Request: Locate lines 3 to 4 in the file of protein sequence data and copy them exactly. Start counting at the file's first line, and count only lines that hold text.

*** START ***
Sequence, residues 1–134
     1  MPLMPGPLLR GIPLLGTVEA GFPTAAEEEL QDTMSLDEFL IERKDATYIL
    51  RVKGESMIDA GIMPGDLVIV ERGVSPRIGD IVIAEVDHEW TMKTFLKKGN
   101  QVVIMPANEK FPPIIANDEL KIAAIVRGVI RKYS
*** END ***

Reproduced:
    51  RVKGESMIDA GIMPGDLVIV ERGVSPRIGD IVIAEVDHEW TMKTFLKKGN
   101  QVVIMPANEK FPPIIANDEL KIAAIVRGVI RKYS